My expected target is to keep my savings rate above 50%, that way I’m buying at least a month of freedom for every month that I work.  Compounding just makes it even better.  60% is me trying to push myself, as the years to financial independence melt away as you push the savings rate north of 50%.

I emerged at the end of May with the bees and a total savings rate of 68.1% for the year.  Pretty fecking chuffed about that.

As a pre-cursor to this months calculation I received part of my annual bonus.  Being a cheap ass, I mean frugal legend, I planned to pile most of it into my ISA.

I don’t budget, I hate the restrictions it imposes.  I spend what I want and catch up on my spending retrospectively.  I felt like my spending was getting out of control for the last month, but it seems I my calibrations are a little sensitive…


70% plus for the first half of the year, ooohhh yeeaahhh

I did spend a bit more than normal, but by slamming 90% of my bonus into savings I reached a staggering 84.4% Savings Rate for June, the best of the year and the highest that I have recorded.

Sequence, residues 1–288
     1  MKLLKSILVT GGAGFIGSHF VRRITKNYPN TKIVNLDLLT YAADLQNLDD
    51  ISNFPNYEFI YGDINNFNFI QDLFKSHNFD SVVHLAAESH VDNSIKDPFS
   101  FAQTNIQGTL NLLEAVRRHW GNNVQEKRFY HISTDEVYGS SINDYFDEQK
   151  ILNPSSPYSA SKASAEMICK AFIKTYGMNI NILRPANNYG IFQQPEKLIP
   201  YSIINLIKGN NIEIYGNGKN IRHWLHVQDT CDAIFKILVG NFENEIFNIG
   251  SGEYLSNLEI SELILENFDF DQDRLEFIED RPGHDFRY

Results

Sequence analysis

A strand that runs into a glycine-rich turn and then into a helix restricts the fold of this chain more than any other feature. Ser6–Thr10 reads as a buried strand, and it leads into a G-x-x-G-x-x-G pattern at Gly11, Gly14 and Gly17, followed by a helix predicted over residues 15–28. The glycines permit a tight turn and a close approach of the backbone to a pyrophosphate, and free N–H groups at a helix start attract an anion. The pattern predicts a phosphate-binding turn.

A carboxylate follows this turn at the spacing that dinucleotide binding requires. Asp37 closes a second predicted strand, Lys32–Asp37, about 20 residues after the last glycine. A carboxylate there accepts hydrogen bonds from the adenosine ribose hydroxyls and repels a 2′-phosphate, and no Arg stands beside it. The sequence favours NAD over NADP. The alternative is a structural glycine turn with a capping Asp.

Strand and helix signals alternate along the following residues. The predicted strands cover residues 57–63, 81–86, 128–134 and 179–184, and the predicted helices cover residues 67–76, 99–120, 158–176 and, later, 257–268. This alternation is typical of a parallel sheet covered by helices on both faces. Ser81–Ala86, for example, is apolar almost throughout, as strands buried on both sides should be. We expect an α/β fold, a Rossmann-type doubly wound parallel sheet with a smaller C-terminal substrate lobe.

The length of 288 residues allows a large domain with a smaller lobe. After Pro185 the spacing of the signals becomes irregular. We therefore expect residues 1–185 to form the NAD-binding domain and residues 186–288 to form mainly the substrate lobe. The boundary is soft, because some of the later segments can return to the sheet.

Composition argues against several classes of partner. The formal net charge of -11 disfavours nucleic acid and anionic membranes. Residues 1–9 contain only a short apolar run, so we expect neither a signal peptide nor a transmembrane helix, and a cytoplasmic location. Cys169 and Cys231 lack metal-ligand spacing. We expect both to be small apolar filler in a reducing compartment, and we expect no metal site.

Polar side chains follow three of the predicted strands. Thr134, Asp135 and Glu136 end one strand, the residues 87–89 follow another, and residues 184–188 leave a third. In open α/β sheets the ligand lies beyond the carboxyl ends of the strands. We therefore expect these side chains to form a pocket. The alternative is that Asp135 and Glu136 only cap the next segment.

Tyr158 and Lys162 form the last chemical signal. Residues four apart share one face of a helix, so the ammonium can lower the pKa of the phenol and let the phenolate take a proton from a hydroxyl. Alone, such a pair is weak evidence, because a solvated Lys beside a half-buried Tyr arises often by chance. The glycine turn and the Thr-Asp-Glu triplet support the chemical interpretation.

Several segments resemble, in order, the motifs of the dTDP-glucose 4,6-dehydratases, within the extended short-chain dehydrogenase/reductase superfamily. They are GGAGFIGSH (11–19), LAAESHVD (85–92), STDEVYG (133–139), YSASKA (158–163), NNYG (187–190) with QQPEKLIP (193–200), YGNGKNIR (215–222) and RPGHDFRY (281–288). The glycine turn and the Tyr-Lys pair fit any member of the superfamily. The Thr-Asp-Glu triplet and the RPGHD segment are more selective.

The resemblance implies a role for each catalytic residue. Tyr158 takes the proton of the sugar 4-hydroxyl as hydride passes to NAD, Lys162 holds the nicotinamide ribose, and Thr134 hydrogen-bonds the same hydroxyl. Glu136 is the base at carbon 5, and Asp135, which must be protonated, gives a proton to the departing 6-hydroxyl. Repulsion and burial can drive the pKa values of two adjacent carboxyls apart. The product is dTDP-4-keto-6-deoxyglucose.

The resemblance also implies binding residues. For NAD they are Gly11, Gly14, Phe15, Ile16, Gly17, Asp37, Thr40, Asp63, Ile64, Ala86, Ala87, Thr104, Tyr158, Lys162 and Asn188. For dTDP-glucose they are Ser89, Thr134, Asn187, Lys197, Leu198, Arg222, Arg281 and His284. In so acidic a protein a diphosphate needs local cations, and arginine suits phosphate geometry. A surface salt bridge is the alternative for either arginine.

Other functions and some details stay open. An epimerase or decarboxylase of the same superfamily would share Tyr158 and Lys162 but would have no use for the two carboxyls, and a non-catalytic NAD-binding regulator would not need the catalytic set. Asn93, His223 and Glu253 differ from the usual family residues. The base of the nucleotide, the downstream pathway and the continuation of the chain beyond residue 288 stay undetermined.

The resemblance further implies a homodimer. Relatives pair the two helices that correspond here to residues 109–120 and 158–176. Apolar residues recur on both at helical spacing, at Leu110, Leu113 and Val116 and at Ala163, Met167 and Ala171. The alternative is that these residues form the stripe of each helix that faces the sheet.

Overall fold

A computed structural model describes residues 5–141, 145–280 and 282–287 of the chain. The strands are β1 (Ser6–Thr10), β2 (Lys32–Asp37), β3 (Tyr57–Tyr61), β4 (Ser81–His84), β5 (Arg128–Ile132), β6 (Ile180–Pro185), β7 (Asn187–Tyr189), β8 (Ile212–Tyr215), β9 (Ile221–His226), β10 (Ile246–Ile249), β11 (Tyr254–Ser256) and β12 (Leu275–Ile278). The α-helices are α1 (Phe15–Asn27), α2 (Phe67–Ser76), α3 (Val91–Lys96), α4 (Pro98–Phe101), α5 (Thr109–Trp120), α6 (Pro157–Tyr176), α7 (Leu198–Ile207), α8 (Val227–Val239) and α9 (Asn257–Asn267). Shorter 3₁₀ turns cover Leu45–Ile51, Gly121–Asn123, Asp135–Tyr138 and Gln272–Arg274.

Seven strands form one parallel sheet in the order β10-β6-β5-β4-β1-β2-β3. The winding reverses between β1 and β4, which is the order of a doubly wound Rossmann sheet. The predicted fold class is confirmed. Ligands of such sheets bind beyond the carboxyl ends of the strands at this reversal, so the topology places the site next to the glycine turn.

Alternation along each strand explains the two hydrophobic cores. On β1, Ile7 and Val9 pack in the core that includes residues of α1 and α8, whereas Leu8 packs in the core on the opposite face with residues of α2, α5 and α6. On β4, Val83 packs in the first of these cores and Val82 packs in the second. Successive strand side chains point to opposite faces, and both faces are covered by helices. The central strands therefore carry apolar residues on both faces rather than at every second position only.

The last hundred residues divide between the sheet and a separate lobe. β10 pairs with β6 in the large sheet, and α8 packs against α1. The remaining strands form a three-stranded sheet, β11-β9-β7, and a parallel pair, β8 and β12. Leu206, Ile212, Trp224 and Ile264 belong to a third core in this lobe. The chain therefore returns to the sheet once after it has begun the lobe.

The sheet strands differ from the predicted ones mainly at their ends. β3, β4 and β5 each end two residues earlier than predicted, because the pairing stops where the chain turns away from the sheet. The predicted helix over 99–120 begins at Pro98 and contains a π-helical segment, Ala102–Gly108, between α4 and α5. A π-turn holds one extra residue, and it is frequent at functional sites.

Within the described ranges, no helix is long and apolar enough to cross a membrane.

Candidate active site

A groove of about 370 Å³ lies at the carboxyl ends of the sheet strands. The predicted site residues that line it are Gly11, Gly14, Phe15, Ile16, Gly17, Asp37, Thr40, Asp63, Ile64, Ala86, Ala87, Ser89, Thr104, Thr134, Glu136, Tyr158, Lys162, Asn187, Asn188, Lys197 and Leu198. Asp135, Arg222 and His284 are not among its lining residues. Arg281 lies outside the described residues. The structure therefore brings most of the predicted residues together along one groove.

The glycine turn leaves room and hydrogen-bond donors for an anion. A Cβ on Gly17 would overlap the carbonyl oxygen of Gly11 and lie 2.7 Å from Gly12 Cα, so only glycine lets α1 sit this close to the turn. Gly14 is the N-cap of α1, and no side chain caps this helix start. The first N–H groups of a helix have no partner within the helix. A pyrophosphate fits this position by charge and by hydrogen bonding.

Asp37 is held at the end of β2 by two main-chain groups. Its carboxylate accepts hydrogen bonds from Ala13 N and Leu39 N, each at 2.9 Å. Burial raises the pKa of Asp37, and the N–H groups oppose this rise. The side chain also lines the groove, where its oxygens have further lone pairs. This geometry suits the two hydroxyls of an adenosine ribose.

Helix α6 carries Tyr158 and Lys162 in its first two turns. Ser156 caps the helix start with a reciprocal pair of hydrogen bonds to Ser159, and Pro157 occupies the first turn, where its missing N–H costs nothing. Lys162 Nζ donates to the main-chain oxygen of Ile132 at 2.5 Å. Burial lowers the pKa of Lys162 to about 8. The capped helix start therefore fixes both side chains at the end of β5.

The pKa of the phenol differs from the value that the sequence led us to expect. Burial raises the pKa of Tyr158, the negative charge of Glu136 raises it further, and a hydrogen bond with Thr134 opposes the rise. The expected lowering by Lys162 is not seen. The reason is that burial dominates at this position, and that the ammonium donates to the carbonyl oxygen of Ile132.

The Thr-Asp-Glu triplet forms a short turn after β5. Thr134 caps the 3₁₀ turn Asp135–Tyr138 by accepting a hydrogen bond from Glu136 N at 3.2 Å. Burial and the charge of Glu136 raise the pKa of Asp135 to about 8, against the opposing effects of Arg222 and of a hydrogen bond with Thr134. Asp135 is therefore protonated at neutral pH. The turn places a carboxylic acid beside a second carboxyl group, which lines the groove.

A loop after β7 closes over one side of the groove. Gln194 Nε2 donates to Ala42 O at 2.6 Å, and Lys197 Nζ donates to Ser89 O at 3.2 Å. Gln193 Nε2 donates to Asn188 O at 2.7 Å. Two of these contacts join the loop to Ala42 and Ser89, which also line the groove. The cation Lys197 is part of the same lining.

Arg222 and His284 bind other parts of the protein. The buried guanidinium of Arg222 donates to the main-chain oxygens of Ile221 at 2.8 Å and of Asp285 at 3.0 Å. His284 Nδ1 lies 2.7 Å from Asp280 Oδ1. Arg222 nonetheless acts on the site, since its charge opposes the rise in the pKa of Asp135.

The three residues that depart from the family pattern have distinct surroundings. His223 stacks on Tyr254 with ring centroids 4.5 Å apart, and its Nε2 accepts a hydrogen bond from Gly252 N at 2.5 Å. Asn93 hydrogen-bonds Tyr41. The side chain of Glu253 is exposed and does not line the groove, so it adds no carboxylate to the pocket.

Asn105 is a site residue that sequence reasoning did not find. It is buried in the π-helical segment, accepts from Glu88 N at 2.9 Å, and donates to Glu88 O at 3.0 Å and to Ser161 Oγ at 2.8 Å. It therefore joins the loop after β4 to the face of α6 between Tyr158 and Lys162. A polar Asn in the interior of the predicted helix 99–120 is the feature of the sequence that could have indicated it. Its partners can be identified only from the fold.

Booyaka, this brings my in year savings rate to 70.8%.  I’m hoping I can surpass my target of 60% this year, but I know that a potentially expensive September is looming.  The game is far from over.

Despite this award winning saving rate (for me at least) I have a nagging feeling that my spending has crept upwards over the last few months.  A breakfast here with chums, perhaps a lunchtime coffee over there…  which has caused something to resurface from the abyss of my mind.  Just how high could I get my savings rate in a normal month, if I spent the absolute minimum?  I feel an August challenge coming on.

I hope you’ll agree that was a lovely June.

NetWorth – 45% annual growth target

Disclaimer – I don’t include the equity in my house in this calculation.